Skip to main content
Research

Defining the economic and social benefits of regenerative farming systems

Abstract

There is currently much interest in regenerative agriculture (RA) - an approach which is said to have an increased focus on healthy ecosystems when compared with conventional agriculture. This project aims to develop a framework to assess and capture the economic and social benefits of improved ecological function and associated environmental outcomes achieved from adopting regenerative agriculture or other innovations that generate an improvement in soil health.

Description

There is currently much interest in regenerative agriculture (RA) - an approach which is said to have an increased focus on healthy ecosystems when compared with conventional agriculture. There is a need to define any potential intertemporal trade-offs between the development of ecosystem services (such as soil health) and the production of high quality food and fibre. This project will develop a framework that can be used to assess a wide range of economic and social impacts of agriculture, allowing comparisons among different approaches.  The project will use a case study design that builds on existing work in the Soil CRC project (4.1.004 ) that has been working to quantify the effectiveness of regenerative farming systems for improving soil performance across defined soil and climate constraints.

To address the uncertainty and potentially enhance the adoption of RA, this project will develop a framework to undertake cost-benefit and multi criteria analysis of 6 case study  farms, selected to enable scaling out. This approach aims to bring the wider range of potential benefits and risks that an ecosystem approach necessitates. The result will be a relevant, practical and usable decision support system for farmers considering transitioning to RA.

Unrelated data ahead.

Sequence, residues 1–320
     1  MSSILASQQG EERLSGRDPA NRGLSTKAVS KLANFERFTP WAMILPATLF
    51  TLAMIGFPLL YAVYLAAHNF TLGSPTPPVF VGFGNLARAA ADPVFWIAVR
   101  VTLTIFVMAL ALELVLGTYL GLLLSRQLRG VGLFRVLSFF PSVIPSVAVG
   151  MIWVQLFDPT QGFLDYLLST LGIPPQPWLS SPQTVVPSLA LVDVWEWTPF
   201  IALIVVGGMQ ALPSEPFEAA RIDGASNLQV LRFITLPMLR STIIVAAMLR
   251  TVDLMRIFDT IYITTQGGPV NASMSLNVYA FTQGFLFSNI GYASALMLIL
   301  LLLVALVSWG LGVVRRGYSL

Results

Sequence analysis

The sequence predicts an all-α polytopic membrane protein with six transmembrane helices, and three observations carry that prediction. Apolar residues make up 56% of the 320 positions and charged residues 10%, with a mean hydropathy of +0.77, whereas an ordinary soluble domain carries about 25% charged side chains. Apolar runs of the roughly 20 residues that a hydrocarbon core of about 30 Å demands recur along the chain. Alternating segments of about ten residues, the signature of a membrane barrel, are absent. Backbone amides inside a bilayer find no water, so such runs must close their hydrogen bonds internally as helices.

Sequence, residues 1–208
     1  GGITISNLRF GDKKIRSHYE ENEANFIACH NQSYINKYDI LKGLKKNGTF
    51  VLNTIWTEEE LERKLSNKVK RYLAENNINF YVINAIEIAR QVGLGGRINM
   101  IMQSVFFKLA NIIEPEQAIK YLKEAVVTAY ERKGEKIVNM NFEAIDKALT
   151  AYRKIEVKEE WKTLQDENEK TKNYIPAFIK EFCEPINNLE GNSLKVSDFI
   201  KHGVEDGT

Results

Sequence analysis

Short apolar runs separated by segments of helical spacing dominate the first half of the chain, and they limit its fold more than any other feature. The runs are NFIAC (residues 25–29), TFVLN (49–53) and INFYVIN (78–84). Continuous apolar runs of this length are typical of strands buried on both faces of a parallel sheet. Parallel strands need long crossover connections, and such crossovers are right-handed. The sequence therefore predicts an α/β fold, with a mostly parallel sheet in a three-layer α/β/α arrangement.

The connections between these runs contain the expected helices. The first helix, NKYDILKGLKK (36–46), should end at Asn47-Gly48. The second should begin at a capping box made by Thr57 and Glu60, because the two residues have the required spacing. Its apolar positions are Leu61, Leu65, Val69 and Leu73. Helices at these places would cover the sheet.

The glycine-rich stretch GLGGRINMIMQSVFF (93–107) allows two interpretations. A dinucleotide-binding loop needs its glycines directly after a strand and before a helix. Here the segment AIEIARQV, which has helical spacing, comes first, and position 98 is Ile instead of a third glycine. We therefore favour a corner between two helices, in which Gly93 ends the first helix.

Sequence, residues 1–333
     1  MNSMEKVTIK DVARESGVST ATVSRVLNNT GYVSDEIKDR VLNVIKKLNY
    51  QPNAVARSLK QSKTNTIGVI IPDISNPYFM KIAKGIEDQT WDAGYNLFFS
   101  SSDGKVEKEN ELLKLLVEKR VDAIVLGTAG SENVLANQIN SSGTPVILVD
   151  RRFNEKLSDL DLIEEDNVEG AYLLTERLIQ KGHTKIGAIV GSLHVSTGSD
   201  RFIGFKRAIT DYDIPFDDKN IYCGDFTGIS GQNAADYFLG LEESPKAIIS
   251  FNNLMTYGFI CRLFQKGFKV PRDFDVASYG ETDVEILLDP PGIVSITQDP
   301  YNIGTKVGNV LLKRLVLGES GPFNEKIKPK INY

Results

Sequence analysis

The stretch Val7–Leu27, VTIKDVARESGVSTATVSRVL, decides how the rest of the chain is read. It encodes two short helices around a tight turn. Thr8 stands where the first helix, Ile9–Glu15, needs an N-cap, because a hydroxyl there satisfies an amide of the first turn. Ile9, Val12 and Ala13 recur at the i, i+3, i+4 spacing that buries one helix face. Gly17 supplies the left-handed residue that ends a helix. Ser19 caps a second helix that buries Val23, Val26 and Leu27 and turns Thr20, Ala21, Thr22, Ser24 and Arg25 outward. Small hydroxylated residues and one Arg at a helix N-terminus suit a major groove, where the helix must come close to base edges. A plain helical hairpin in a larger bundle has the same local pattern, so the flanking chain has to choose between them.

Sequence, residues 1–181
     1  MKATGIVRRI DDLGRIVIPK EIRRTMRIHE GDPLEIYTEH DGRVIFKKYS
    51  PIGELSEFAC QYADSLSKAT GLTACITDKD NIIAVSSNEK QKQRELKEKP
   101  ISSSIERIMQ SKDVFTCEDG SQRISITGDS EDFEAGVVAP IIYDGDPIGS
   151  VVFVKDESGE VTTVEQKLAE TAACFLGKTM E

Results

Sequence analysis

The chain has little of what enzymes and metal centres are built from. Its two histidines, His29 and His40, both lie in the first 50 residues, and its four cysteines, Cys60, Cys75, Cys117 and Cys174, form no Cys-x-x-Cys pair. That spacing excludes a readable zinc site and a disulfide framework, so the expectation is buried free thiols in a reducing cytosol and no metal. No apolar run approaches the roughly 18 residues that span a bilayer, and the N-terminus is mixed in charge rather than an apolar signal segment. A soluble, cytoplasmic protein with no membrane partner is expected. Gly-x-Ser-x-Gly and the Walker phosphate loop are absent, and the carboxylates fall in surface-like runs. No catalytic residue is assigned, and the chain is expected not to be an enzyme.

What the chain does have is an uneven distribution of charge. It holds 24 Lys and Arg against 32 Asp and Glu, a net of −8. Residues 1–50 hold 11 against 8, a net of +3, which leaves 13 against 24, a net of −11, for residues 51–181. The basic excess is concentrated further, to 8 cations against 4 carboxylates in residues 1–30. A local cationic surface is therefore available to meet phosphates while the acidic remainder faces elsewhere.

This project partially fulfils the need for evidence of productivity, profitability and resilience benefits to farmers from RA, as well as the wider ecological benefits to society that healthy soils bring such as impacts on human health; nutrient-rich food production, clean water and air as a result of changes to the health of agro-ecosystems and biodiversity.

Project 1.4.004  Defining the benefits of regenerative agriculture

 

Funding Body

CRC for High Performing Soils

Lead Organisation

Charles Sturt University (Graham Centre for Agricultural Innovation, AU)

Partners

Harper Adams University, Federation University (AU), Soils For Life Trust (AU)

Cookies on the Harper Adams University website

We use cookies to ensure that we give you the best experience on our website. If you continue without changing your settings, we'll assume that you are happy to receive all cookies on the website. However, you can change your cookie settings at any time.